Less progressive and more racist

Modern day Northern Ireland is arguably less progressive and more racist than it was three hundred years ago.

A Life and Times survey conducted in 2017 found that 36% of people here wouldn’t accept an Eastern European as a close friend, 52% wouldn’t accept an Irish Traveller as a close friend and 47% wouldn’t accept a Muslim as a close friend.  The overall figures were significantly higher in the 18 -24 year age group

A third of 18 – 24 year olds in the same survey said they wouldn’t even accept a Muslim as a neighbour in their local area.

At the time, Patrick Corrigan, the Northern Ireland Programme Director for Amnesty International, said “This scale of racial prejudice… should shock us to our core”.

Inadequate legislation

The outworking of those levels of prejudice can be seen in the verbal abuse and racist attacks on ethnic minorities across the community. Cultural change, education and awareness are all necessary elements in overcoming racism, but so too is a strong legal framework.

Racist hate crime in Northern Ireland is not adequately or appropriately framed by legislation and we still don’t have a single Equality Act. Nor have we adopted the recommendations of reports like the Stephen Lawrence Inquiry.

In 2017, of the 1,062 racist incidents reported to the PSNI, 83% did not result in prosecution or even a warning. Every day that year, a citizen from an ethnic minority had their house attacked or they themselves were assaulted.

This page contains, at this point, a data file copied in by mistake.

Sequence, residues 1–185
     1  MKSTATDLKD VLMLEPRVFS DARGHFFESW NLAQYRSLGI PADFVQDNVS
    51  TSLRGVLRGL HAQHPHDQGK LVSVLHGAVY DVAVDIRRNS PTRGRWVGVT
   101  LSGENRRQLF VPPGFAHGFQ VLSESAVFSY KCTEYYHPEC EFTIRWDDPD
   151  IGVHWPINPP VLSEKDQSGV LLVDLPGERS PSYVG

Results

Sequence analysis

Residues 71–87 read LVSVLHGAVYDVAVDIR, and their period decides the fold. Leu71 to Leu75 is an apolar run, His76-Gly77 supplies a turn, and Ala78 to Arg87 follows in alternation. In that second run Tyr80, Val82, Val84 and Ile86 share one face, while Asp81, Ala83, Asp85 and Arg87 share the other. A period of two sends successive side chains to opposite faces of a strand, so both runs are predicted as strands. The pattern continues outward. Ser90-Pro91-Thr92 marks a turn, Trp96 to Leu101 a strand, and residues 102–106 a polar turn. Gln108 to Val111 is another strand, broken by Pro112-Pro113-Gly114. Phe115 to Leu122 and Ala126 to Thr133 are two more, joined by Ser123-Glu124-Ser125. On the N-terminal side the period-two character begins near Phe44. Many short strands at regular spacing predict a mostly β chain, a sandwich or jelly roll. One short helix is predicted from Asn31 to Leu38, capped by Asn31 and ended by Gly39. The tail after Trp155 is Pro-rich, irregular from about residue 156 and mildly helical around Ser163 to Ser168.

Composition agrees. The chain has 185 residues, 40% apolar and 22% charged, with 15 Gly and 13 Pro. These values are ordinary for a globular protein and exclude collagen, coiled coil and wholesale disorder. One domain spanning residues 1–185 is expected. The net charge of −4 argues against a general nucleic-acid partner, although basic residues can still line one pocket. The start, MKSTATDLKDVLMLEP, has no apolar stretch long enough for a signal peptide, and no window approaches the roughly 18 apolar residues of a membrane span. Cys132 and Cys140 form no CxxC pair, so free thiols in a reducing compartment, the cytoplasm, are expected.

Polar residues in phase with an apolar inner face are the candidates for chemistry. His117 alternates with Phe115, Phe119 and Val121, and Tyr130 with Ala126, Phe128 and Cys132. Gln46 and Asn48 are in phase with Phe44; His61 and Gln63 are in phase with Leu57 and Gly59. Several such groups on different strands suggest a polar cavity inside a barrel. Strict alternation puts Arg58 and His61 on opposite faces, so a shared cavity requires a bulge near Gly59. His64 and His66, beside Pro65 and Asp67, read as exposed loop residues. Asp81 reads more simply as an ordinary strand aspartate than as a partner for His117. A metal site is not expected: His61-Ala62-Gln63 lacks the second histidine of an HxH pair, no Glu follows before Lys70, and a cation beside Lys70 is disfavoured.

Three hundred years on from the founding of the Belfast Women’s Anti-Slavery League and the campaigning of progressive forces at the time, this is the reality of racism in Northern Ireland today: a reality that has been reinforced by the European Union’s ‘Fortress Europe’ mentality and a social system based on exploitation which places profit before equality.

Racism needs to be exposed, confronted and eradicated – at home as well as abroad, and that struggle is inseparable from the struggle for a united working class.

‘Unite to face down racism’

York Road

The Rahman family leaving their York Road  home

“Hate crimes and racist attacks are not what defines north Belfast and we must ensure that they never do”, Workers Party representative Gemma Weir said in response to last night’s attack on a family in the York Road area.

“There must be no room for racism in our community and  no ‘if’s and buts’ about just how abhorrent and vile these type of attacks are”,she said.

“The only response worthy of the entire north Belfast community is an unequivocal and public condemnation of all forms of racism and hate crimes, full and unqualified support for those affected and a united resolve to face down racists and racism”, Gemma said.

“Anyone with any information, no matter how small, about this or other attacks, should contact the PSNI or use the Crime Stoppers number to pass  that information on “,she concluded.

Photo Credit: Matt Mackey